Growers of raspberries, strawberries, grapes and other Minnesota summer fruits are on guard for a newly arrived pest that could spoil some late-season delights.

Spotted wing Drosophilia, an Asian fruit fly that arrived in the United States only five years ago, wiped out some raspberry crops in Minnesota last year and has growers and researchers developing defenses against it as harvest time approaches.

The tiny fruit fly has a nasty habit of feeding and laying eggs on healthy fruit, after which its larvae develop under the fruit’s skin, even as it ripens. The larvae emerge sometimes only three days later.

Nobody has reported being surprised by a mouthful of maggots, and infested fruit probably would be too far gone to make it to market anyway, said Mark Asplen, a University of Minnesota research associate who has been studying the fruit fly and its effects. But the bug’s development doesn’t paint a pretty picture.

“From what I’ve heard, it’s pretty gross,” said Bill Jacobson, a strawberry production manager at Pine Tree Orchard Inc. in White Bear Lake, where that early-season crop was unaffected this year. “It almost looks like the berry’s alive. It’s a real turnoff for the consumer.”

Jerry Untiedt of Untiedt Vegetable Farms in Waverly, Minn., a familiar figure at the Minneapolis Farmers Market, said the insect isn’t really an problem for consumers, because growers won’t bring ruined fruit to market. He said that he was able to detect and eradicate some spotted wing Drosophilia last year before the fruit flies damaged his strawberry or raspberry crops, but that those steps are likely to add costs to production, and ultimately to the cost of fruit.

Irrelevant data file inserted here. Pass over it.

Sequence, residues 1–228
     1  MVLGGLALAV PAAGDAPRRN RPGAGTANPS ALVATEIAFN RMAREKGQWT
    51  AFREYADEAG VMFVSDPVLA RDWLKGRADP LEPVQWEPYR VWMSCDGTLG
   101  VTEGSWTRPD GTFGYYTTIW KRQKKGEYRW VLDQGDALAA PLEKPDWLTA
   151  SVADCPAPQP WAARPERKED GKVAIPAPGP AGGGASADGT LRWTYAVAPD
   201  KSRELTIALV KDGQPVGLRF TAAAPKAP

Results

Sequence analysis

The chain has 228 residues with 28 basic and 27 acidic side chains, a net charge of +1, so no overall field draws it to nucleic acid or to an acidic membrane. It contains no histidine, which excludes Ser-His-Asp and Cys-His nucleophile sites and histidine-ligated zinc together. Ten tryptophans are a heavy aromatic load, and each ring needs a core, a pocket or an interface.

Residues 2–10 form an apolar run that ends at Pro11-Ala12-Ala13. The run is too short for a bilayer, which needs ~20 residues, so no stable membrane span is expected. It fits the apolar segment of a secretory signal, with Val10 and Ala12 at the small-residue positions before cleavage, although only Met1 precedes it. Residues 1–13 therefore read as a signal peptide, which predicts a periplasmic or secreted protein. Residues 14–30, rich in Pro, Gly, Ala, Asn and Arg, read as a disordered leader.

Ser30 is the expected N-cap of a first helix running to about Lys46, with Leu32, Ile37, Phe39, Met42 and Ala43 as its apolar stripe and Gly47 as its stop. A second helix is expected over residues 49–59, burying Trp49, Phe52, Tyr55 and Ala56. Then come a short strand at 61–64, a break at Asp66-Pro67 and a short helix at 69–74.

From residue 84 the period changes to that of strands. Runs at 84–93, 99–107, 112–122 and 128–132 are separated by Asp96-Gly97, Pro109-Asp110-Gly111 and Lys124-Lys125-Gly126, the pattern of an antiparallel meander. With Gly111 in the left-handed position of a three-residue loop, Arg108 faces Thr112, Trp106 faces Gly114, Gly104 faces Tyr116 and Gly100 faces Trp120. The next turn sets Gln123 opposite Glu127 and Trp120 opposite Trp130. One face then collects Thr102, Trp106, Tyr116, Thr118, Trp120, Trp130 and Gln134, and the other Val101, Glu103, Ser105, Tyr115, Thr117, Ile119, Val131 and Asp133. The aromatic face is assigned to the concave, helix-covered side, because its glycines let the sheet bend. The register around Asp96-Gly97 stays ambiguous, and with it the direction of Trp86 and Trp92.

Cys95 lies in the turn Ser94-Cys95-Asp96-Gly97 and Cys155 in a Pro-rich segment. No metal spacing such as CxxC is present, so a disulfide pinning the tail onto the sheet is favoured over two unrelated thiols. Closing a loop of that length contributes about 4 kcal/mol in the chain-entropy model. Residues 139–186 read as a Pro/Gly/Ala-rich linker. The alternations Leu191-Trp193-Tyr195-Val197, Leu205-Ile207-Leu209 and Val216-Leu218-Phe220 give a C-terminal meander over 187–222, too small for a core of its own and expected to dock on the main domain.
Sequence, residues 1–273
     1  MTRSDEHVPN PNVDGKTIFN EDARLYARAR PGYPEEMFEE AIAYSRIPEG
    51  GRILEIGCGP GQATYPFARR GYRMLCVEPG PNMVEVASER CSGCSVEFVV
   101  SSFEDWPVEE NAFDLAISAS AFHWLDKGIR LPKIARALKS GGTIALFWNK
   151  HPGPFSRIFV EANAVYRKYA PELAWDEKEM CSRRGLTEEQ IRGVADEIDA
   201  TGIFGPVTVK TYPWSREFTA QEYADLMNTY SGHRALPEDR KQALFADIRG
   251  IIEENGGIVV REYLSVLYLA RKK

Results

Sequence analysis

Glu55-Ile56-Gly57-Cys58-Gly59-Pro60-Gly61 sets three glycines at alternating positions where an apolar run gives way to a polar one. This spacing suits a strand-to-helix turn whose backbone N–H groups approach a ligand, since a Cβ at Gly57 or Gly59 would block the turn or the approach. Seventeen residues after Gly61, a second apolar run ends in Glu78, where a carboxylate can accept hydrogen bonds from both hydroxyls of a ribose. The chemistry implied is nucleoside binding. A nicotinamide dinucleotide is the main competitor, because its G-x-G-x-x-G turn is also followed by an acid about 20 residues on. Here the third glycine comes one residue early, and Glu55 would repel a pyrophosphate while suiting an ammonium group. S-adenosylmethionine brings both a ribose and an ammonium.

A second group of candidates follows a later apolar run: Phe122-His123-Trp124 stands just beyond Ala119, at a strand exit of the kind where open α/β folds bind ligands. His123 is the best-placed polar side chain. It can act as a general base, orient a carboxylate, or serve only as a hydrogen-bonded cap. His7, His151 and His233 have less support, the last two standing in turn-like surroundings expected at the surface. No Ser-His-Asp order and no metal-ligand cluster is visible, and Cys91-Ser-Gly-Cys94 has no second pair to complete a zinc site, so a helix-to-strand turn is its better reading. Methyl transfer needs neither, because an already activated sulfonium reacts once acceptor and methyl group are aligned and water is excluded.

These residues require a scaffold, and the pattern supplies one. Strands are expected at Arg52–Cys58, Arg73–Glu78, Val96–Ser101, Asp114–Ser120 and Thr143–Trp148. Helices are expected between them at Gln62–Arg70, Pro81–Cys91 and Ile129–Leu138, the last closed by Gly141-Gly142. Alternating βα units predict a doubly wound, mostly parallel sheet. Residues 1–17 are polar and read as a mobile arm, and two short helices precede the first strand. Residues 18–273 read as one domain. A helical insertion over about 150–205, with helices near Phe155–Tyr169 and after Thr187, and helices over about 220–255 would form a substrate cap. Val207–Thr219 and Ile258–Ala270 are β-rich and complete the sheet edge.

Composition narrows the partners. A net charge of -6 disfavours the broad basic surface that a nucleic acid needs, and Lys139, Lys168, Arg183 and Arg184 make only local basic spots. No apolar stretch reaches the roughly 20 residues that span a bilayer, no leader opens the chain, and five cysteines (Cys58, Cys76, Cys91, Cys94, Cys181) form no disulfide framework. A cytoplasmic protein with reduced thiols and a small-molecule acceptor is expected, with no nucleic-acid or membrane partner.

“I’m most concerned about it, I’ll tell you that,” he said.

The fruit fly was detected in Minnesota for the first time last year, and in a big way. Infestations were found in 29 counties, from the Iowa border to Clearwater County in ­northwest Minnesota.

So far this year the fruit fly has been confirmed only in Dakota, Rice and Ramsey counties, with tentative appearances in Olmsted, Washington and Wright counties. The Dakota County detection, on wild raspberries June 27, was the first this year. But the Drosophilia population increases as the season wears on.

Asplen described the insect as a “manageable pest” if commercial and home growers monitor and trap adult flies early in the season, report findings to the Minnesota Department of Agriculture and apply insecticides, some of which are acceptable for organic crops. But he said those steps are not now on most growers’ to-do lists, since Minnesota fruit pests tend to damage blossoms and not fruit.

Jacobson said he believes that the fruit fly is another “next great pest” that over time will become a controllable ­irritant.

“But for the next few years, until we get a handle on it, for soft, small fruits, it’s going to be a big deal, I’m afraid,” he said.